Deputy AG Rosenstein: Charlottesville marchers advocated 'racism and bigotry'

Deputy AG Rosenstein: Charlottesville marchers advocated 'racism and bigotry'
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Deputy Attorney General Rod RosensteinRod RosensteinDemocrats ask judge to force McGahn to comply with subpoena Democrats ask court to force DOJ's hand on Mueller grand jury materials Washington celebrates diplomacy — and baseball — at Meridian Ball MORE on Wednesday said the country saw “people openly advocate racism and bigotry” when hate groups gathered in Charlottesville, Va., earlier this month.

“Our Department of Justice responded immediately. We are working closely with local authorities on potential criminal civil rights prosecutions,” Rosenstein said during a speech at an antiterrorism conference in Utah, according to his prepared remarks.

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“The First Amendment often protects hateful speech that is abhorrent to American values. But there can be no safe harbor for violence,” he added.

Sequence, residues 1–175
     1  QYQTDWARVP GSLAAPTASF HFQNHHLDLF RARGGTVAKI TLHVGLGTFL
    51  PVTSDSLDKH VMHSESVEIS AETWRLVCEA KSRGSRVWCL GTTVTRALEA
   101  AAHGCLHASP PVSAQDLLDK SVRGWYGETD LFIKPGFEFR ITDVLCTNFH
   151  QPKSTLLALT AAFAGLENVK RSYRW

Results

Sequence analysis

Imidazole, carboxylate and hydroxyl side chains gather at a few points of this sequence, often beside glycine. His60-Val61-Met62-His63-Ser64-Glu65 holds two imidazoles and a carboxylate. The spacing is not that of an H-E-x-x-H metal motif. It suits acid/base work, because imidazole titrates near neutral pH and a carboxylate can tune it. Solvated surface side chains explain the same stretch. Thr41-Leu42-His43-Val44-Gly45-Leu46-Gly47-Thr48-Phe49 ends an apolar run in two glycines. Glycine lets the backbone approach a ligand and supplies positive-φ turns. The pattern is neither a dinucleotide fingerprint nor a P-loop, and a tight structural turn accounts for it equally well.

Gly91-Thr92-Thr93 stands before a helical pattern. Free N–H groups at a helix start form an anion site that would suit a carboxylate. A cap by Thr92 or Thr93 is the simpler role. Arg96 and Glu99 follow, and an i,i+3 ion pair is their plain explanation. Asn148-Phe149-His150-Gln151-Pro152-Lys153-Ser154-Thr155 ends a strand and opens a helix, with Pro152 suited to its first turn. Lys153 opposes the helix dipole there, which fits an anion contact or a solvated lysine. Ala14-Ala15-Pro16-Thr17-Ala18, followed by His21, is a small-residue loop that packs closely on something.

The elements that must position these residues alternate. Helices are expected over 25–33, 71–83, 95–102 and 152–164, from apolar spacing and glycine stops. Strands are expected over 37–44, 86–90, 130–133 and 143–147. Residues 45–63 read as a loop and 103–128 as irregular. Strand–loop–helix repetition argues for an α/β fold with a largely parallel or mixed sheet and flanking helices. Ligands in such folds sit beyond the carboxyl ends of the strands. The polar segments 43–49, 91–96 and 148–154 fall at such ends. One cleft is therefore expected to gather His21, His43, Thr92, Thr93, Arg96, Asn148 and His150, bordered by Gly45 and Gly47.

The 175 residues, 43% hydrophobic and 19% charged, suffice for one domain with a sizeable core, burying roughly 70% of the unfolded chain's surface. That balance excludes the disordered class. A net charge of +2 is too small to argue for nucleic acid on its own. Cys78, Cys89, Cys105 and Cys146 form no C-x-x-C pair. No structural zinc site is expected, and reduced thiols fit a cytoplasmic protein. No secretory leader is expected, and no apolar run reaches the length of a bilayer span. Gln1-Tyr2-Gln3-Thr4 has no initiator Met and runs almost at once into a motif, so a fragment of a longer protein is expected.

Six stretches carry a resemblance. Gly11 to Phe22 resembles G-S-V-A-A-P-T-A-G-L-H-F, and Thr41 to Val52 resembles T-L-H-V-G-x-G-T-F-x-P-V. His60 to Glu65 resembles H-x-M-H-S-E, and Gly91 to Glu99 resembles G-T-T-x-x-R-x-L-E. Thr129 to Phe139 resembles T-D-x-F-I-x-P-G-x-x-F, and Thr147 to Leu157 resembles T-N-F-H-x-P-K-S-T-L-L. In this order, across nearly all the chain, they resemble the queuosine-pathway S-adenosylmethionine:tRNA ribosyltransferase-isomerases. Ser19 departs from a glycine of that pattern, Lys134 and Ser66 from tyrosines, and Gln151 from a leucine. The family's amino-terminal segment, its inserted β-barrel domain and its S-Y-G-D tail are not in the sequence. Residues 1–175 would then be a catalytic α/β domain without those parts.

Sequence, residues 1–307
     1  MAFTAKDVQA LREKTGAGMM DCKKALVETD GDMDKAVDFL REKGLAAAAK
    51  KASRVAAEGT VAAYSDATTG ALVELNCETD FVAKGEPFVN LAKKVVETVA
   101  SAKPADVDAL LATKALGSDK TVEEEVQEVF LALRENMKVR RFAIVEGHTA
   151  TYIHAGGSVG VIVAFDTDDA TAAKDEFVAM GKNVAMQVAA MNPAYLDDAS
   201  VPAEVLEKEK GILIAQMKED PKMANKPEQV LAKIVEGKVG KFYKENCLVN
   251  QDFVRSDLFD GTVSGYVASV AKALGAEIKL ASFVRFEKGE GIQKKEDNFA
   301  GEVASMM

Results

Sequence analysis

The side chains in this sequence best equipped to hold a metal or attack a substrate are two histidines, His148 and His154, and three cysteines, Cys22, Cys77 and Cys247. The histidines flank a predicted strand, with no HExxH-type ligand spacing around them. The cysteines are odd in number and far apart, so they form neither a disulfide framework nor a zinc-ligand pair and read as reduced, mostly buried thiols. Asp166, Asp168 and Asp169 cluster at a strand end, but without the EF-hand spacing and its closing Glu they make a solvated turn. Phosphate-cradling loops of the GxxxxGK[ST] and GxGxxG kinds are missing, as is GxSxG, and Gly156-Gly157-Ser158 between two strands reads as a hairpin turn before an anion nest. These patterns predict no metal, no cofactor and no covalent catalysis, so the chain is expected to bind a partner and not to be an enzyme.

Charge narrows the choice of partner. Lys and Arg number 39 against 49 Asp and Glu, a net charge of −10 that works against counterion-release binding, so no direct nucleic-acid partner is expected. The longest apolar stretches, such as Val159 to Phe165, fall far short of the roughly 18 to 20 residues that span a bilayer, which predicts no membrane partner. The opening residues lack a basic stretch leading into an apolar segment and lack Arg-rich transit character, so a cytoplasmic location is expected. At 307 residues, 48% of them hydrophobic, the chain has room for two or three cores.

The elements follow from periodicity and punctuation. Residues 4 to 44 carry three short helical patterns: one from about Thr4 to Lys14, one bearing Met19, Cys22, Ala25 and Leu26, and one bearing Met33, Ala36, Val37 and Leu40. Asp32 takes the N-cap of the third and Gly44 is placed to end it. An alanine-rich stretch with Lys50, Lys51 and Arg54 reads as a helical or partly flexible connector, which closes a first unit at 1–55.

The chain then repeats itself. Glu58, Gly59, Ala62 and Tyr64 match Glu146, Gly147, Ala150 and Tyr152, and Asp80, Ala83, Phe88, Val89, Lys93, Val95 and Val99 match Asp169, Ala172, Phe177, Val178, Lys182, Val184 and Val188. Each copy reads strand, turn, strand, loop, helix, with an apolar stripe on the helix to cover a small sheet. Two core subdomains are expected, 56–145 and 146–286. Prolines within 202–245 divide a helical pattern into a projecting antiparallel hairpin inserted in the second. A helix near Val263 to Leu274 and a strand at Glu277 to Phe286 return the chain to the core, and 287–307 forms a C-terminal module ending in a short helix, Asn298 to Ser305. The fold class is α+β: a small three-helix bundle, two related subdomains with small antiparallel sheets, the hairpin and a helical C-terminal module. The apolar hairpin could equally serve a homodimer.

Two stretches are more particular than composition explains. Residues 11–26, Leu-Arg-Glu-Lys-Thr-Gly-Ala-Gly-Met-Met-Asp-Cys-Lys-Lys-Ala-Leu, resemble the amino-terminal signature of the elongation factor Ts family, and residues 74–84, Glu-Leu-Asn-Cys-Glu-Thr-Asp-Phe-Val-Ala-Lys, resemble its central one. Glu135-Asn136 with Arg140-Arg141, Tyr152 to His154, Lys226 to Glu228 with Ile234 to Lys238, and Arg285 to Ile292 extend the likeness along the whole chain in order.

Rosenstein’s remarks about Charlottesville follow widespread criticism of President TrumpDonald John TrumpTrump reversed course on flavored e-cigarette ban over fear of job losses: report Trump to award National Medal of Arts to actor Jon Voight Sondland notified Trump officials of investigation push ahead of Ukraine call: report MORE for his response to the violence in the town.

White supremacists rallied in Charlottesville to protest the decision to remove a statue of Confederate Gen. Robert E. Lee. One person was killed and many injured when a man with ties to hate groups allegedly drove his car into a crowd of counterprotestors.

Trump on separate occasions blamed “many sides” and “both sides” for the violence.

Rosenstein in his comments also highlighted the danger of domestic terrorism, arguing it “is often motivated by hatred and bigotry.”

“Violent domestic extremists pose a particular danger to law enforcement officers — not just because you go into dangerous situations, but because some extremist groups target the police,” he said earlier in the speech.

He is the second high-profile Jewish official in the Trump administration to speak out on Charlottesville in recent days. Last week, Gary Cohn, Trump’s top economic official, said the administration should do more to condemn hate groups.